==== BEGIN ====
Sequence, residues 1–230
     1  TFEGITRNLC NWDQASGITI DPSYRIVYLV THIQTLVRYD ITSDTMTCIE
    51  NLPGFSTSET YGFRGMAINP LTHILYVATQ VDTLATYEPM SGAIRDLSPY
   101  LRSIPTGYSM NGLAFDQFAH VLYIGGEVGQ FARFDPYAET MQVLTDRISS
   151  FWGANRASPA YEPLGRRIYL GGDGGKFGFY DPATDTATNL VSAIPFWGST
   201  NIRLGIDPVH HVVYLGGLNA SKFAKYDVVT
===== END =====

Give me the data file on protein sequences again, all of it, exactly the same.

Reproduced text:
Sequence, residues 1–230
     1  TFEGITRNLC NWDQASGITI DPSYRIVYLV THIQTLVRYD ITSDTMTCIE
    51  NLPGFSTSET YGFRGMAINP LTHILYVATQ VDTLATYEPM SGAIRDLSPY
   101  LRSIPTGYSM NGLAFDQFAH VLYIGGEVGQ FARFDPYAET MQVLTDRISS
   151  FWGANRASPA YEPLGRRIYL GGDGGKFGFY DPATDTATNL VSAIPFWGST
   201  NIRLGIDPVH HVVYLGGLNA SKFAKYDVVT